It is also contrary to the ecclesiology of Vatican II. The Dogmatic Constitution of the Church describes itself as an “initial budding forth” (LG 5), not something in full bloom. It again describes itself as a “pilgrim” (LG 8) not something that has reached its destination. It clearly admits that the “Church embraces sinners sin her bosom” (Ibid).
So who is in error – Abp Gomez or Pope Francis? The answer is obvious. That is why Francis had to intervene, warning the American bishops that they were in serious error. It was left to the Papal Nuncio, Abp Christophe Pierre to tell them that “Holy Communion is not merely a thing to be received, but Christ himself, a person to be encountered”. Writing in the National Catholic Reporter, Christopher White commented that church “unity should be based on encounter and dialogue, not merely on doctrinal or juridical unity.”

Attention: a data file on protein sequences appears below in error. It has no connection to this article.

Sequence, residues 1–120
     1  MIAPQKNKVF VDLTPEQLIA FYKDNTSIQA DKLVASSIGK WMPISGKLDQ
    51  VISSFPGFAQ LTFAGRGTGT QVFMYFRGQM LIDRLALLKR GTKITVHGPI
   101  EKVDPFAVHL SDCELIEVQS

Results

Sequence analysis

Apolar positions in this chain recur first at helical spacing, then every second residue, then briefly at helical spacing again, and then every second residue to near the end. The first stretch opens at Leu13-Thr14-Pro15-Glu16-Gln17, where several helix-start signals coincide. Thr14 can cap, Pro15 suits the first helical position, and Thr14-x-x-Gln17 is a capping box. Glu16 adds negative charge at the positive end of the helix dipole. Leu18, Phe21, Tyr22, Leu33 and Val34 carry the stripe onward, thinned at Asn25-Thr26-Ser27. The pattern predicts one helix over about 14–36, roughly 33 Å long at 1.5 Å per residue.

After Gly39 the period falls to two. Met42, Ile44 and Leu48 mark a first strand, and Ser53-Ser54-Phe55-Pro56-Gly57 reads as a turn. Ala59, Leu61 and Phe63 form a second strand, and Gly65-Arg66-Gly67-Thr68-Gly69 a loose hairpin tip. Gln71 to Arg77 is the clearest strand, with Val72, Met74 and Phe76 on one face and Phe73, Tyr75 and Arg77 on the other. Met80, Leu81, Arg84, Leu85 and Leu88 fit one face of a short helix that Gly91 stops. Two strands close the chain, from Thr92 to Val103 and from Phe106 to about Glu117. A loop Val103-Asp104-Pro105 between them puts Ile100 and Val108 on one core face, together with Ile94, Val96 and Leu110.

Where do the bishops of India stand? Have they answered Papa Francesco’s phone call? Have they heeded his call for a synodal, participative, transparent and accountable church? Or are they, with their medieval European Coats of Arms and honorifics like Eminence/Excellency still stuck in the Middle Ages; or worse still, the Dark Ages of Church History?
Till recently the Indian hierarchy and even the Nunciature were notorious for their ominous silences. However, in the very recent past I have had a few members of the hierarchy responding to my articles and correspondence. So all is not lost. As the poet Alexander Pope said “Hope springs eternal in the human breast”. He was an eighteenth century English poet, not a pope!
Maybe the CBCI will pick up the receiver the next time they hear “Ciao, questo e` Papa Francesco”. Perhaps they could begin by changing their telecom service provider!!
- The writer has expressed these thoughts in greater detail in his latest book The Jerusalem Code.